Small Molecule Promotes Removal of Excess Cholesterol
A small molecule (shown here in pink) with the ability to increase 'good' (HDL) cholesterol in animal models binds to the membrane-binding domain of lecithin:cholesterol acyltransferase (LCAT; shown in teal). The site is remote from the active site of the enzyme but somehow enables the transfer of lipid substrates from HDL. Credit: Kelly Manthei and Stephanie King
Scientists have determined the structure of the activated form of an enzyme that helps to return excess cholesterol to the liver, a study in eLife reports.
The research reveals how a drug-like chemical stimulates the action of the lecithin:cholesterol acyltransferase (LCAT) enzyme. It also suggests that future drugs using the same mechanism could be used to restore LCAT function in people with familial LCAT deficiency (FLD), a rare inherited disease that puts them at risk of eye problems, anaemia and kidney failure.
LCAT helps high-density lipoprotein (HDL) - known as the 'good' cholesterol - to remove cholesterol from the blood by converting the lipid into a form that is easier to package and transport. There are more than 90 known mutations in LCAT, which can cause either a partial loss of activity (known as 'fish-eye disease') or full loss (FLD). Boosting LCAT activity could therefore be beneficial in treating people with coronary heart disease and LCAT deficiencies, but the mechanisms by which it can be activated are poorly understood.
"In this study, we used structural biology to understand how a patented LCAT activator binds to LCAT and how it promotes cholesterol transport," says lead author Kelly Manthei, a Postdoctoral Fellow at the University of Michigan Life Sciences Institute, US. "We also asked if the compound could help recover activity of LCAT enzymes that have commonly observed mutations seen in FLD."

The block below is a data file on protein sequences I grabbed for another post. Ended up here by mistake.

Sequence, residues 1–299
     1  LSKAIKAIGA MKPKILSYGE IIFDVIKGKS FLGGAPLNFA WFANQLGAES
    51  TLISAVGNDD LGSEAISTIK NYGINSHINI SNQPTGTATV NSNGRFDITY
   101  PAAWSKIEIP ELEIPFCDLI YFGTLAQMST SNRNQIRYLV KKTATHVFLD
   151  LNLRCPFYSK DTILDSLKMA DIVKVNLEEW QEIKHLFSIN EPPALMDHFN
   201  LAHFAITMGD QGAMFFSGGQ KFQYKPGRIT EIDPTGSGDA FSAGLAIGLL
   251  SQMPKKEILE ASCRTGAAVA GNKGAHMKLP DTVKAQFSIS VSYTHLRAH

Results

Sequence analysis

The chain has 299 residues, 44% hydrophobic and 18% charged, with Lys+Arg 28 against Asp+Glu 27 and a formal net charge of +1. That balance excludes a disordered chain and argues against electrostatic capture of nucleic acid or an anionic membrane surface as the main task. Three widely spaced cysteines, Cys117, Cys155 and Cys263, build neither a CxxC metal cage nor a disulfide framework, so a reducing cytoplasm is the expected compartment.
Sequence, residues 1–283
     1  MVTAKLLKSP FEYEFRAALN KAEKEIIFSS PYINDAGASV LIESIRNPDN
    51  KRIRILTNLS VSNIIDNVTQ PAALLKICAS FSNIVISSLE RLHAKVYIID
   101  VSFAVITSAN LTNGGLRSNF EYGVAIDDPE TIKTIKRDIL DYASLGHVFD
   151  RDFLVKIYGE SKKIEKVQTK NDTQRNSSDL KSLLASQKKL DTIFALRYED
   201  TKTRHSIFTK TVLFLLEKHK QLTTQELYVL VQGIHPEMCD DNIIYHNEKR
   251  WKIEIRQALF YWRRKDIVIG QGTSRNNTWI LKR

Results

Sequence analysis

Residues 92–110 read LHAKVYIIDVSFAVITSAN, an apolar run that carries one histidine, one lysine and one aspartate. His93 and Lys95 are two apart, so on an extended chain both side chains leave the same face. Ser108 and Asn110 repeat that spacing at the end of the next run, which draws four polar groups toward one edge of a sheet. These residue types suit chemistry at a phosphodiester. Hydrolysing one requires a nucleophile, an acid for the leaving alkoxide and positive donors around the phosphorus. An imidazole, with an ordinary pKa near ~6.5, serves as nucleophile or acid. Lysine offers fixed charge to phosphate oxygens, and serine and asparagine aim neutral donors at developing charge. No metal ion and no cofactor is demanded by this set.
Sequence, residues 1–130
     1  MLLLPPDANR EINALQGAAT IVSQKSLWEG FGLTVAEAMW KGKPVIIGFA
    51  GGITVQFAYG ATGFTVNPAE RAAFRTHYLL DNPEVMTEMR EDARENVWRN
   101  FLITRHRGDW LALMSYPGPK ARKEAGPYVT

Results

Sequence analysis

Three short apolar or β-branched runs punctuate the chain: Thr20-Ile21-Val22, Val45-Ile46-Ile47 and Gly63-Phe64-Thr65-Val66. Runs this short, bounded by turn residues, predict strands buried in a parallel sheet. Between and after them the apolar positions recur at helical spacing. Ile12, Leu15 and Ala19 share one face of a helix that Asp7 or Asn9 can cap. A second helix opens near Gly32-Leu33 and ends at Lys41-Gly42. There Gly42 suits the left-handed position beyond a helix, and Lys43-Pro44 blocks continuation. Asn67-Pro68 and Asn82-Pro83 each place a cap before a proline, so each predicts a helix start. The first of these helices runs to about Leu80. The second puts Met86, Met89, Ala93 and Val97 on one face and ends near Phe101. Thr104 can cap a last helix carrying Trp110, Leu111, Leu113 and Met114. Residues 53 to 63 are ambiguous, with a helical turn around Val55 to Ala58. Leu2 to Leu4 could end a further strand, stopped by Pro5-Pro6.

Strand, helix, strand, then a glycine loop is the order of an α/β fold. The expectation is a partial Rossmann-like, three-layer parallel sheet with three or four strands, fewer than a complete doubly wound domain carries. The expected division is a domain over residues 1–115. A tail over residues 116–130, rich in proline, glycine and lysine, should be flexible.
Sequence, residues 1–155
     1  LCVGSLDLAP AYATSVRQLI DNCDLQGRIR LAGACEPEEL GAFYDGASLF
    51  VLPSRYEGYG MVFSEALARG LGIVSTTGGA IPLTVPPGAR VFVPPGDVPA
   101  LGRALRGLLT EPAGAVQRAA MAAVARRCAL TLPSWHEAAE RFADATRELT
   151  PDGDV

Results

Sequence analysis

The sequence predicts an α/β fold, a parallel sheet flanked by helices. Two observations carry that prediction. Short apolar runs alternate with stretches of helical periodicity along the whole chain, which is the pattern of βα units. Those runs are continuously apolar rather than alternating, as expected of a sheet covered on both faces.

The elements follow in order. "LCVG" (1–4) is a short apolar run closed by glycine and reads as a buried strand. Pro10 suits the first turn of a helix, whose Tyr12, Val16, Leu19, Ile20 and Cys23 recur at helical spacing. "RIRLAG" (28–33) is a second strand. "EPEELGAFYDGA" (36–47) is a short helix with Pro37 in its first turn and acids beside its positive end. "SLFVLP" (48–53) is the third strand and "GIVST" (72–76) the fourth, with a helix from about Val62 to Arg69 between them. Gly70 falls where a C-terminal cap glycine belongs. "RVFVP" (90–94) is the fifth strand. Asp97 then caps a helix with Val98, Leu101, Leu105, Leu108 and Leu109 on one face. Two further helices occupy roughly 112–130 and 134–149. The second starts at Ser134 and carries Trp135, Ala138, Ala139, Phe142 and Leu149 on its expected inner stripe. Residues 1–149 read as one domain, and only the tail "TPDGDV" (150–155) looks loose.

The team used X-ray crystallography to look at the LCAT enzyme stabilized in its active state with two different chemicals - the activator molecule, and a second compound that mimics a substrate bound to the enzyme. The two chemicals had more of an effect on the protein when presented together than when presented separately, which suggested that they bind to the enzyme in different places.
Further analysis found that the activator molecule, unlike other known LCAT activators, binds to a region close to where HDL attaches. However, the activator did not help LCAT bind to the HDL more effectively, which led the team to speculate that it instead helps to transfer cholesterol and lipids into the catalytic center of the enzyme, so that it can convert it into cargo for transport in HDL.
Having established this mode of action, the researchers tested whether this molecule could help recover the cholesterol-transport function of a mutant LCAT enzyme. They made a version of the enzyme with a mutation commonly seen in FLD patients, and then tested its ability to bind to HDL and convert cholesterol in the presence or absence of the activator molecule. They were excited to find that the activator could partly reverse the loss of activity in the mutant enzymes, resulting in comparable cholesterol conversion to the normal enzyme.
"Our results will help scientists design compounds that can better target LCAT so they might be of therapeutic benefit for heart disease and FLD patients," concludes senior author John Tesmer, Walther Professor in Cancer Structural Biology at Purdue University, US. "Future efforts will be to examine whether patients with other LCAT genetic mutations could benefit from the compounds used in this study, and to design molecules with improved pharmacological properties for further development."
This article has been republished from materials provided by eLife. Note: material may have been edited for length and content. For further information, please contact the cited source.